There are amendments that would provide some reduced rates; there are things that can make this bill more understandable. Nonetheless, the bill is about the relationship between the air carrier and the general public. The bill was designed not to put a burden on Transport Canada or on Nav Canada; it was to define the relationship between the air carrier and the passenger. That's what the bill's intent was, and that's still how the bill is laid out.
    If there are extraordinary circumstances, the penalties don't apply. That's pretty straightforward. We are not with this bill putting a burden on Transport Canada, on Nav Canada, or on any of the other agencies that this government uses to oversee air traffic. That's not what's happening here. This bill is about the relationship between the carrier—the business—and the passenger. As such, it can stand by itself. There's no necessity to put blame or put costs on the other organizations. The penalties only exist between the air carrier and the passengers when a commercial operation does not meet the conditions of this bill. That's it.
    If Nav Canada makes a ruling that changes the nature of the flight, passengers will not have the opportunity to seek reimbursement from Transport Canada or from Nav Canada; that was not the intent of this bill. If the person who put the bill forward had wanted to include all those agencies in it, that's what would have perhaps happened, but this is not the practice across the world in the aviation business.
    So I think this motion is not doing the job. I would much prefer to see a motion that would provide us with some more time to consider this. I know the committee has made choices about the timing of the bill, after a clear vote of approval in principle by the House of Commons on second reading. To my mind, the committee has failed in its obligation to the House of Commons in dealing with this bill. These measures will be viewed in that light not only by me, but I'm certain by many other parties to this issue.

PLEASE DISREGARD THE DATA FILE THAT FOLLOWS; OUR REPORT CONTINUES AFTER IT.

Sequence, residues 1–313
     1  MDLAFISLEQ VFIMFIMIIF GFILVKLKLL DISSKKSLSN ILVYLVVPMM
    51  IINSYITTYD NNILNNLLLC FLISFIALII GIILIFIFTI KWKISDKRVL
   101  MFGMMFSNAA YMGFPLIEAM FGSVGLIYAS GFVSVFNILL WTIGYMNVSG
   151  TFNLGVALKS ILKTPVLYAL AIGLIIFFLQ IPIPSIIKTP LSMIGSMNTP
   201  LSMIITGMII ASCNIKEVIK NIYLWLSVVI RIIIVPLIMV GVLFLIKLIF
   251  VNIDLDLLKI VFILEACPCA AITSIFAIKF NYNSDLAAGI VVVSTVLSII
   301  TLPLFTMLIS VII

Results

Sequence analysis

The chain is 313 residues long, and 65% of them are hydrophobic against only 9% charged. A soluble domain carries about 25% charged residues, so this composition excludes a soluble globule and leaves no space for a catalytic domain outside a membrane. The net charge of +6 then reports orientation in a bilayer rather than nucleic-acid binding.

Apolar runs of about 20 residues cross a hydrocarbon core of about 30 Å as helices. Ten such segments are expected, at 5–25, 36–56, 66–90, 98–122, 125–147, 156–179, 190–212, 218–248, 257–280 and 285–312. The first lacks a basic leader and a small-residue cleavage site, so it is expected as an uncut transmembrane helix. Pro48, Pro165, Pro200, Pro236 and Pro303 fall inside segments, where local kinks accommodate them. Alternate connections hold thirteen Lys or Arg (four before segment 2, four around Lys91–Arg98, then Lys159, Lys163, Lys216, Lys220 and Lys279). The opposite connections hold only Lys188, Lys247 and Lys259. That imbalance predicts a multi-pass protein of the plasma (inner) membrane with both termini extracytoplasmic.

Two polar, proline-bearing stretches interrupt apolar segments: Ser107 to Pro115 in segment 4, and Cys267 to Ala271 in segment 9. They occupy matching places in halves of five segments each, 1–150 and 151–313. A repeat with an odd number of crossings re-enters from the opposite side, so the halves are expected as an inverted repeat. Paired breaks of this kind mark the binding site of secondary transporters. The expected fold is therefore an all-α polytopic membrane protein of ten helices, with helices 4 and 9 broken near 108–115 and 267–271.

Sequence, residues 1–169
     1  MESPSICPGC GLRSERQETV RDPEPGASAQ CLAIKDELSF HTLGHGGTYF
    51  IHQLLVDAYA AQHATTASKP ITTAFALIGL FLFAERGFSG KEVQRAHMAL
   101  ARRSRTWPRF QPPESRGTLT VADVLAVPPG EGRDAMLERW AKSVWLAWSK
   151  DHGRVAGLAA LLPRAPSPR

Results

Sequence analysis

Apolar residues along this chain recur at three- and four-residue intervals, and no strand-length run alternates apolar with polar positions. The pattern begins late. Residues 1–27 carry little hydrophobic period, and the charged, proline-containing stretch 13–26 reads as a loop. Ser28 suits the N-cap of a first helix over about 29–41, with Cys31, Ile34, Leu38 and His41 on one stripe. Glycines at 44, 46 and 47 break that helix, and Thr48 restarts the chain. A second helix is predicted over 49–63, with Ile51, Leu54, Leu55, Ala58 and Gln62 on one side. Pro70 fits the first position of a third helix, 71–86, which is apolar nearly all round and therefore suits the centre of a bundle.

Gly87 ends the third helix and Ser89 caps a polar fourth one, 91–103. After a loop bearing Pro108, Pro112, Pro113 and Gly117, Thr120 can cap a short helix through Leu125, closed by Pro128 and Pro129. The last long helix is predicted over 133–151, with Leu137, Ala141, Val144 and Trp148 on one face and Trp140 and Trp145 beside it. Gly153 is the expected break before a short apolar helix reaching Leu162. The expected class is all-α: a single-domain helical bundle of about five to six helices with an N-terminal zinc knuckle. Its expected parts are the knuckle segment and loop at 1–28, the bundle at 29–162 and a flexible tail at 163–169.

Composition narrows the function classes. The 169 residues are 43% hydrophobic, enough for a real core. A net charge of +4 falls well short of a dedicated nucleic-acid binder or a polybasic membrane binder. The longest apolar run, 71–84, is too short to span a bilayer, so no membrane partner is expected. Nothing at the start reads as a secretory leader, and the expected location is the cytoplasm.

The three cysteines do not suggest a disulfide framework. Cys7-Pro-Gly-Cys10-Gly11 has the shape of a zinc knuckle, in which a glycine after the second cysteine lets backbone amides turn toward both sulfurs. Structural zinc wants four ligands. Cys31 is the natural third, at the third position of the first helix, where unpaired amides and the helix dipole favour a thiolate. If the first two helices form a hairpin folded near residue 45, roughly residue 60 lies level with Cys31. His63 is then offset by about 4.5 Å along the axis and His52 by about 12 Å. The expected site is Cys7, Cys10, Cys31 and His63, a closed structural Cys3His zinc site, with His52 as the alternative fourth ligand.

Thank you.


    Mr. Watson.
    Thank you, Mr. Chair.
    I appreciate Mr. Volpe's intervention today. I'm going to presume that his position is the same as that of Mr. Kennedy, who is not here today.
    I think this is more than just an issue of clarifying the intent of the bill. If I understand Mr. Laframboise's intervention appropriately—and he can correct me, if I'm putting words in his mouth—this goes beyond simply clarifying the intent of a bill. That's not the same as creating a piece of legislation that is structurally sound in all its components. I think that was actually the position of Mr. Byrne, who for the Liberals substituted for Mr. Kennedy a few times at this committee and who envisioned an adjudicating role for the CTA, for example.
    The New Democrats' proposing of a whole slew of amendments, although they're cosmetic in nature, is really a candid admission that the bill is fatally flawed, structurally speaking. I think that was more the nature of the intervention, not simply what Mr. Volpe said about clarifying the intent of the bill.
    I'll be supporting the motion.